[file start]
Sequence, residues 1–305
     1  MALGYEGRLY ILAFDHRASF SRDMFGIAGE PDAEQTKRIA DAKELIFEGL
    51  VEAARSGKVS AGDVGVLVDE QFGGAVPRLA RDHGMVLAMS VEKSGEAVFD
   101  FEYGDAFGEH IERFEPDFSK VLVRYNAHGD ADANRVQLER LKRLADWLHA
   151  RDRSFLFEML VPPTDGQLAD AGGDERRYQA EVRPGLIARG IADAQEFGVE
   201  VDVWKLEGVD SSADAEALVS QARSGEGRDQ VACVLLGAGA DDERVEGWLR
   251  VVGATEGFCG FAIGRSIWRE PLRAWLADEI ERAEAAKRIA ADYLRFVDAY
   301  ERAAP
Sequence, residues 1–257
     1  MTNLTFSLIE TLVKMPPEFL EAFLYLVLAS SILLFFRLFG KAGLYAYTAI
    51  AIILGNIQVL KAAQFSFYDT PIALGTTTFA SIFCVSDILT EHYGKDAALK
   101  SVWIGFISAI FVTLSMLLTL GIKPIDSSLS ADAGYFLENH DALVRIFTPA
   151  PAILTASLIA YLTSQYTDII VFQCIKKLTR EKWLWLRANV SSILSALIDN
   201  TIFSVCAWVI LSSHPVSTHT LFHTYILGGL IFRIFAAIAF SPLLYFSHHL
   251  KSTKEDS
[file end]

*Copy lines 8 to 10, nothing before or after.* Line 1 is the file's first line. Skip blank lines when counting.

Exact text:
   301  ERAAP
Sequence, residues 1–257
     1  MTNLTFSLIE TLVKMPPEFL EAFLYLVLAS SILLFFRLFG KAGLYAYTAI